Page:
Kotb is in her 40s; like many Egyptians of her generation, she became interested in Islam at university. “I was brought up in a very liberal house; I was wearing a swimsuit until after I got married.” Her husband, whom she met at medical school, came from an even less observant background, but together, she said, “we decided to make ourselves and our future families better than our older families, so we started to read about religion, to study Koran, to get it by heart.” It was around this time that Kotb decided to put on hijab, much to her parents’ dismay – at the time, head scarves were something for servants, not aspiring surgeons.
Her career in sexology came later. As a working mother, Kotb decided to forgo a career in surgery for something less time intensive: forensic medicine. She began working on the sexual abuse of children – both victims and perpetrators – and it was through this that she developed her interest in sexuality. A doctorate from the United States on sexuality in Islam topped off her training, and in Cairo she began to build her patient roster, which now extends to several Gulf states, and a following among Muslims in Canada as well.
Kotb is obviously an inspiration to some; I’ve seen strangers come up to her in public to thank her for her show. How many of these fans are actually following her advice is another matter. “I like Heba Kotb,” one married woman in her early 20s in a working-class neighbourhood of Cairo told me, “because she explains everything in a modest and useful way. I watch it always, but my mother does not like her. I heard from her [Kotb] that I need to ask for my sexual rights. But I cannot apply that because my husband will not agree or will feel that I am rude.”
To be sure, Kotb’s advice seems daring to many by today’s standards.
Given recent fatwas forbidding oral sex or nudity between the conjugal sheets, her suggestions on how to spice up spousal relations have earned her conservative opponents. But on closer inspection, Kotb is hardly a radical – something that puts her in the crosshairs of other, more liberal sexologists across the region.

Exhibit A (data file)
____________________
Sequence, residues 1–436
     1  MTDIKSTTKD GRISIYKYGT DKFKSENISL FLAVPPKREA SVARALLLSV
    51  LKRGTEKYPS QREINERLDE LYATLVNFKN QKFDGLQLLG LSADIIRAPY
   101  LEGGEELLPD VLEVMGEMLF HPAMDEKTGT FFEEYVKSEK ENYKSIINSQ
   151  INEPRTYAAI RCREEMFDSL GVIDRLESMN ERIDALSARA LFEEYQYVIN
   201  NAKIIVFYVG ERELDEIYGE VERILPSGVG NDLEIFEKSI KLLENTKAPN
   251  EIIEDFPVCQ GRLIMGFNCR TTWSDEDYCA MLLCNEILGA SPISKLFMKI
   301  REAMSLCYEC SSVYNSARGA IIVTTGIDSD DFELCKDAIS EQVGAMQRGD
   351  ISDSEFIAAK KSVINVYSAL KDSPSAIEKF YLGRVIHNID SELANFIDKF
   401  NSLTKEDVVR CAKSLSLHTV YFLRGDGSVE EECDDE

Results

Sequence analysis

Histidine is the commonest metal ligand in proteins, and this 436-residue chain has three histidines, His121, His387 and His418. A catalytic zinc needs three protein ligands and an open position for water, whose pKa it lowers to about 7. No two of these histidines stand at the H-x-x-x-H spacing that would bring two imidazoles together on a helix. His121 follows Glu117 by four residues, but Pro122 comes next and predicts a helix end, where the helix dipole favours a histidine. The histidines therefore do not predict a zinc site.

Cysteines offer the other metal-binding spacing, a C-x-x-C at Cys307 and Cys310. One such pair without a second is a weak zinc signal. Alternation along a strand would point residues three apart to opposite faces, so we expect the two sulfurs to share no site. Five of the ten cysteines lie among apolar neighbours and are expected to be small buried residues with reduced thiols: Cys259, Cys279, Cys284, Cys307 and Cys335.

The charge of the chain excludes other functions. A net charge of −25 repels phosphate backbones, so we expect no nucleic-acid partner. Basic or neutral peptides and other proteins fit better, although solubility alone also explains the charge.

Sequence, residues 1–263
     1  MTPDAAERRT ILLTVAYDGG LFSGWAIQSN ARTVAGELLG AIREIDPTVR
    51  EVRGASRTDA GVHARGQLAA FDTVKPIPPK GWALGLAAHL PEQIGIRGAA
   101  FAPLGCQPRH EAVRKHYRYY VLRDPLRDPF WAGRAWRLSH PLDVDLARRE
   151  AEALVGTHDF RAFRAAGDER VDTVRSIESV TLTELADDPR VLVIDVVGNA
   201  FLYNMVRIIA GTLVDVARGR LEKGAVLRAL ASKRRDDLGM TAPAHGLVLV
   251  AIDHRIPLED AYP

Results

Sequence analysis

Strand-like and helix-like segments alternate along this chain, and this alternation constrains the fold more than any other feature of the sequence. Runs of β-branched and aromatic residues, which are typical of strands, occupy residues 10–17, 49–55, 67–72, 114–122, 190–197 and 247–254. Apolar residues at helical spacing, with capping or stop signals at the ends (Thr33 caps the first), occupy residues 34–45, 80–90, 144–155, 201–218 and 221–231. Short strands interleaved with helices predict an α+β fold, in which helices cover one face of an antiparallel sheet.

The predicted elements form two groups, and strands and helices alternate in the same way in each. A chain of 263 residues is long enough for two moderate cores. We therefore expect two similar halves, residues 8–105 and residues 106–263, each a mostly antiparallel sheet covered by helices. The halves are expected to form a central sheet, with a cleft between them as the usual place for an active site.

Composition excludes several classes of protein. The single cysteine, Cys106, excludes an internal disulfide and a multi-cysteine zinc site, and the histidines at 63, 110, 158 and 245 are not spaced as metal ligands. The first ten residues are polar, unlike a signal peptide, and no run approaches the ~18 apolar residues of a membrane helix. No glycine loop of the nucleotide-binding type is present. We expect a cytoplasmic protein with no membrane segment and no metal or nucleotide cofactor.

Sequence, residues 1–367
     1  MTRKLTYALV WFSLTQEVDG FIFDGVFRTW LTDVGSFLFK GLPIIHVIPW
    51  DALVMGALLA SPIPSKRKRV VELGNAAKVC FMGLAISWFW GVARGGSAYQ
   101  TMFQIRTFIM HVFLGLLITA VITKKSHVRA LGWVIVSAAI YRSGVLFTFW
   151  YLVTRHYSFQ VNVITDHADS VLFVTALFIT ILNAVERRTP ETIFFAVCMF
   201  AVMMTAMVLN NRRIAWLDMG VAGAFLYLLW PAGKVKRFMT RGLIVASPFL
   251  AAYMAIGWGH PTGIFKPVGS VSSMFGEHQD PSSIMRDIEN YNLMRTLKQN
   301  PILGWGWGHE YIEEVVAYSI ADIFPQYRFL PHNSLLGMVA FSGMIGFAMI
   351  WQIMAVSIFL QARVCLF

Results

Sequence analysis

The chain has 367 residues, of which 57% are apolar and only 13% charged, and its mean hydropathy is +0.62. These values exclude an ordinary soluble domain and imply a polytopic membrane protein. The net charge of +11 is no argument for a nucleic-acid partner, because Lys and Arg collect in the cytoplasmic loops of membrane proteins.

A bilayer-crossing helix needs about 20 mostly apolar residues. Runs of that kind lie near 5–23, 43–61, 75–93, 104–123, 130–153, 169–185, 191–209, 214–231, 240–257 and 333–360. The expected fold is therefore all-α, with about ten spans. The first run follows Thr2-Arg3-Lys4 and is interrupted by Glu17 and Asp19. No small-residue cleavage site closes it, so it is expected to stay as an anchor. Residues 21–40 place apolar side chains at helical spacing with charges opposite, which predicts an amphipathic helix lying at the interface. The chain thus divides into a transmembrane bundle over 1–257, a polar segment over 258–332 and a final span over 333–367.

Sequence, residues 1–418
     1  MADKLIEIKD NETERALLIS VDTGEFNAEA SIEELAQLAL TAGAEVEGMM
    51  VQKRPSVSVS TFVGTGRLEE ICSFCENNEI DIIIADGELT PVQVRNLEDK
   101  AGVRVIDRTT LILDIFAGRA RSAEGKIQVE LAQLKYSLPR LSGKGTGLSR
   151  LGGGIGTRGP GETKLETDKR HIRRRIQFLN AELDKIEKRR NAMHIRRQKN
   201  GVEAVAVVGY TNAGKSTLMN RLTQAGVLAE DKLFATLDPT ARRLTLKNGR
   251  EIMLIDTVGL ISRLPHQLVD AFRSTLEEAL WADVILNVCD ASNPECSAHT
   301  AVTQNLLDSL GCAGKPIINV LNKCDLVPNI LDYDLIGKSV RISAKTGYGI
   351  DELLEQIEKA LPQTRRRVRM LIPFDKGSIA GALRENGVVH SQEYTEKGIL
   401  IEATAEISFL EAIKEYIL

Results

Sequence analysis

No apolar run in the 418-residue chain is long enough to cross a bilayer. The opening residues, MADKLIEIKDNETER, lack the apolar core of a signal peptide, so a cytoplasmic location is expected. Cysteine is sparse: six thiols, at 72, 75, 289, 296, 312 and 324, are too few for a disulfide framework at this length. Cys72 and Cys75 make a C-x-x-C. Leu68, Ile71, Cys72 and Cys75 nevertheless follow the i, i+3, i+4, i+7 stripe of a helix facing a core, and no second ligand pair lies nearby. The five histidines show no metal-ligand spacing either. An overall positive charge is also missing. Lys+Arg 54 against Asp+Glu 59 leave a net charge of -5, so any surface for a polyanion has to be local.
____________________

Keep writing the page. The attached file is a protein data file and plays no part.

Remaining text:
She is, for example, an implacable opponent of premarital sex, on psychosexual as well as religious grounds. And for all her talk of women exerting their God-given sexual rights, it’s still men first in Kotb’s book. “He is exposed to many temptations outside the home. Be available to please him and do not give him a reason to make a choice between you and hellfire.”
The advice of Kotb and other Islamically inflected sex therapists pales in comparison with the full-blooded approach of the past.
Take, for example, the Encyclopedia of Pleasure. We know little about its author, Ali ibn Nasr al-Katib, other than where and when he wrote: Baghdad in the late 10th or early 11th century. But short of cybersex and porn videos, its 43 chapters cover every conceivable sexual practice. “On the Advantages of a Non-virgin over a Virgin,” “On Increasing the Sexual Pleasure of Man and Woman,” and “Description of the Nasty Way of Doing It and Lewd Sex” give you some idea of its vast scope.
The Encyclopedia is also full of women with full-throttle sex drives. The sexual insatiability of women was a well-established theme long before Ali ibn Nasr came on the scene. The Koran tells the story of the wife of a Pharaonic court official, better known as Zuleika, who attempted to seduce the Prophet Joseph, then a young and handsome slave. When he refused her advances, she claimed that he was the seducer, but her lie was exposed when people noticed that his shirt was torn from the back, proving that he had been fleeing her, not the other way around.
It is tempting to contrast today’s close-mindedness and sexual hang-ups, to the freewheeling, fun-loving women of the Encyclopedia.
It is, however, important to remember that this is not some medieval Masters and Johnson; Ali ibn Nasr is telling tales, not taking a compass to female sexual response. His stories may be exaggerated, or even fabricated, but that’s not the point. What’s remarkable about his work, seen through 21-first-century eyes, is not whether women actually behaved in this way in the eleventh century, but the fact that it was considered desirable that they should express their sexuality – at least in private– and that it was socially acceptable to write about it in such a free, frank, and detailed fashion.
Adapted from Sex and the Citadel. Copyright © 2013 Shereen El Feki. Published by Doubleday Canada, an imprint of the Doubleday Canada Publishing Group, which is a division of Random House of Canada Limited. Reproduced by arrangement with the Publisher. All rights reserved.
Follow us on Twitter: